Friday, June 18, 2010

Readings and Themes for the Week of June 20, 2010

Readings for Faith Sharing
Week of June 20, 2010,
Twelfth Sunday

Reading I Zechariah 12:10-11, 13:1
He was pierced for our sins.

Psalm 63
“My soul is thirsting for you, O Lord my God”.

Reading II Galatians 3:26-29
We are children of God in Christ Jesus.

Gospel Luke 9:18-24
Take up the cross.


Filled with the Holy Spirit, John the Baptist spread the good news of Jesus

We take up again the Sunday-by-Sunday reading through the Gospel according to Luke that was interrupted by Lent and Eastertime. We find ourselves at a great crescendo in the Gospel as Peter identifies Jesus as the Messiah. Jesus throws cold water on this declaration of faith by reminding the disciples about the Messiah’s sorrowful fate. And the followers of the Messiah must share this fate.

Questions of the week
Question for Children:
How can you follow the example of John the Baptist and tell others about Jesus this week?

Question for Youth:
John the Baptist was sent ahead to prepare people for Jesus’ message.
How does your life, including your words and actions, help others to know what it means to be a follower of Jesus?

Question for Adults:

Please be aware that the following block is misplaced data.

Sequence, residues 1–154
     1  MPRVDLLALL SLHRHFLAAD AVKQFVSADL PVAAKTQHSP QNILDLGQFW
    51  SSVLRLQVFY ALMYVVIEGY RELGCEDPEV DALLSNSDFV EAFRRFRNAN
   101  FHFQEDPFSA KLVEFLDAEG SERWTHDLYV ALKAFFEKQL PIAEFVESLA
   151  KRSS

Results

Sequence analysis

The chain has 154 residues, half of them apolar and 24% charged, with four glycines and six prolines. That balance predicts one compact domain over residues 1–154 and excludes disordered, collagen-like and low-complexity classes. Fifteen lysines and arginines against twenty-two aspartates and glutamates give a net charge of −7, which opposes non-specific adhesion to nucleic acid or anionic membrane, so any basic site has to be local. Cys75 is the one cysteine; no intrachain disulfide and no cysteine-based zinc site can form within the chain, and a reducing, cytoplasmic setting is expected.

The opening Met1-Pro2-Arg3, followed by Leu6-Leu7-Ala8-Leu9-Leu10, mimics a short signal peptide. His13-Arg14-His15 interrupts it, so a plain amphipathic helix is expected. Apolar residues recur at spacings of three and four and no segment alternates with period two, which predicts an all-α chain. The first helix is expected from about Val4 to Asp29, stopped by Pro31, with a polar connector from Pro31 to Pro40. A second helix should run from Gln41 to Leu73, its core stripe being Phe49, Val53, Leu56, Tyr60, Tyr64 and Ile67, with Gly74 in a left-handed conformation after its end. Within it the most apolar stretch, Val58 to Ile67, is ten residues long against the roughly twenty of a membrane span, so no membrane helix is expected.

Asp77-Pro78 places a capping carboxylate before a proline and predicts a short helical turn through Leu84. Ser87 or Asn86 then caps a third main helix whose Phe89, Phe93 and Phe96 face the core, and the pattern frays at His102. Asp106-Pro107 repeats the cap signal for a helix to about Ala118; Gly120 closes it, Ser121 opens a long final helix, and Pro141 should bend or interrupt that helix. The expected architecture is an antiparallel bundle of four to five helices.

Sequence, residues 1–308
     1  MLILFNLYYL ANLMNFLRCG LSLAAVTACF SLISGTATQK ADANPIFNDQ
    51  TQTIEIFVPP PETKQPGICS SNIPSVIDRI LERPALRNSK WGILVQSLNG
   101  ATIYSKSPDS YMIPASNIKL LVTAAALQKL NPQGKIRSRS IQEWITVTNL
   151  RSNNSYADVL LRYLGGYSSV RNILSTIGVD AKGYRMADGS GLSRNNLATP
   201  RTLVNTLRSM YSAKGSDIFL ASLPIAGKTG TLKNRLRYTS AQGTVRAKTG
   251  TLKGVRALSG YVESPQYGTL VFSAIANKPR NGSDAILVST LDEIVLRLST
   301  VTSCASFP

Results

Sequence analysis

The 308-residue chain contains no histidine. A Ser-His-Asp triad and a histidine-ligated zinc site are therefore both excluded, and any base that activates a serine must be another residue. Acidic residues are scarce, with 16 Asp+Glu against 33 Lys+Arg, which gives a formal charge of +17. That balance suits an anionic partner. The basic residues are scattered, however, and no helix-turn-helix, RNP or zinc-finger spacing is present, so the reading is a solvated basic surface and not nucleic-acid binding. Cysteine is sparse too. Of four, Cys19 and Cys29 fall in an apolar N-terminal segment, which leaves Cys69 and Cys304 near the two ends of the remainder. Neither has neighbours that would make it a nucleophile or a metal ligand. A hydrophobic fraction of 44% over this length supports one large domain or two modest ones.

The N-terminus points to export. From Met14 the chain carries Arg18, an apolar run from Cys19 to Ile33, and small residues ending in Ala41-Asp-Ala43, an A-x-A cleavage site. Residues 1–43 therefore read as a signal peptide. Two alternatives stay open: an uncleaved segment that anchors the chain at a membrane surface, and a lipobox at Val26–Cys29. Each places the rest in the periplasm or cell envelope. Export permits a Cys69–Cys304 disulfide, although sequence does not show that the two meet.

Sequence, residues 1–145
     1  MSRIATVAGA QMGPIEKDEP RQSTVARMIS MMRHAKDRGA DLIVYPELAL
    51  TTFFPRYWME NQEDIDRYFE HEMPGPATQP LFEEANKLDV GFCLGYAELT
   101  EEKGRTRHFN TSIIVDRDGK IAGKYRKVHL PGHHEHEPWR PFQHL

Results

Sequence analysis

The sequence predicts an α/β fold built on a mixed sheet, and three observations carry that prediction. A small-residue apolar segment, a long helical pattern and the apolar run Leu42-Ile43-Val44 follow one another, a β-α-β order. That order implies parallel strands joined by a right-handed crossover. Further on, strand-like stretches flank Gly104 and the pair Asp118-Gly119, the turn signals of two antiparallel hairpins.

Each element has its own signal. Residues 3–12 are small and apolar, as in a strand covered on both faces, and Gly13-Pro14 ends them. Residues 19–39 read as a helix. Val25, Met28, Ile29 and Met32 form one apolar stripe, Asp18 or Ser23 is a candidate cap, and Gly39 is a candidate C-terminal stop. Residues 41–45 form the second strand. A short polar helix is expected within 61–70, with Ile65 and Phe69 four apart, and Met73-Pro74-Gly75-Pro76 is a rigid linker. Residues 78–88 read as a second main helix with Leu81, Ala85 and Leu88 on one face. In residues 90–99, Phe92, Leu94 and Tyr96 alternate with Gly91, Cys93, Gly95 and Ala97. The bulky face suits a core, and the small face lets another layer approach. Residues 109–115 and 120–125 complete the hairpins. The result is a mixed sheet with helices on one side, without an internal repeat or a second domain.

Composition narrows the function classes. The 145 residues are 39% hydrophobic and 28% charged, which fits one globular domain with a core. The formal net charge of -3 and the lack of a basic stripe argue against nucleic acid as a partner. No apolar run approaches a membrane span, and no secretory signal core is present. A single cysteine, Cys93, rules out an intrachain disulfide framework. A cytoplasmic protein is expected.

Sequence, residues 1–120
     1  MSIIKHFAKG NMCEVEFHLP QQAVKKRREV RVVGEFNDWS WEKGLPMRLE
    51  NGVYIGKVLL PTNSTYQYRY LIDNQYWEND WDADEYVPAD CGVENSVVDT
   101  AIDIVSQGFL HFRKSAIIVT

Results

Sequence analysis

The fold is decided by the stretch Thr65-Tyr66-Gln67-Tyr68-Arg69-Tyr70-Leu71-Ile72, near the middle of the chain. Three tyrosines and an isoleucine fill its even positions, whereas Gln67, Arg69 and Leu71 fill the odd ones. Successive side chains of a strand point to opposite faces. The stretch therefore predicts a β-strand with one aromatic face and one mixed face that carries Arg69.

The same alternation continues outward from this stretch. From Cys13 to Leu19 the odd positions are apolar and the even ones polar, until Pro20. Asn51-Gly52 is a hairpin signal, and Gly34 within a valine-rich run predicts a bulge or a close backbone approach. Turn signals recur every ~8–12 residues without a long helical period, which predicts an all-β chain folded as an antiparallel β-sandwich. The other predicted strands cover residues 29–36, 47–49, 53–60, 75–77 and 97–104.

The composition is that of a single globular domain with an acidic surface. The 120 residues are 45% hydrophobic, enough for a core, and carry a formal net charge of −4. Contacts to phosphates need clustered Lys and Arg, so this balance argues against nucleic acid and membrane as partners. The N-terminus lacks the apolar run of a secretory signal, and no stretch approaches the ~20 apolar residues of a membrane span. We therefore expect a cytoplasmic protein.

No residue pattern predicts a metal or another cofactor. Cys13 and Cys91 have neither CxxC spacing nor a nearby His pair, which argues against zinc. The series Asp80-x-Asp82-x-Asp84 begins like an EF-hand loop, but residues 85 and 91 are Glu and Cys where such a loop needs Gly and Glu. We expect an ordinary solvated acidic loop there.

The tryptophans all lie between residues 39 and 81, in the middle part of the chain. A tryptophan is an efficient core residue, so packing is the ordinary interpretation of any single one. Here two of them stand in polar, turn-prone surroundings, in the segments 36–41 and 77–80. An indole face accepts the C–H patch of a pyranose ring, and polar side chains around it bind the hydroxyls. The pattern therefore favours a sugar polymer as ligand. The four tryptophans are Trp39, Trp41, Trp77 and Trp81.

What can you do this week to spread the good news about Jesus?

Bulletin Bites
"But who do you say I am?"

Jesus asked his disciples, “Who do the crowds say that I am”? They respond with several names or possibilities. Then Jesus asked, “But who you say that I am”? Now the question is personal. To answer they must reveal what is in their heart and head.

Peter said, “You are the Messiah of God”. That took great faith and courage.

The implications were enormous: Jesus wastes no time in bluntly telling them that the “Son of Man” was going to suffer, be rejected by the authorities: killed and rise on the third day.” Jesus leaves nothing to the imagination. Then he adds what his closest friends were most afraid to hear:
“If anyone wishes to come after me, he must deny himself, take up his cross daily, and follow me”. We may be relieved that we were not present with Jesus two thousand years ago. But Jesus is present with us today—in the Eucharist, in His Church. He asks each of us, “Who do you say that I am”?
How do you answer him? Are we willing to accept the consequences?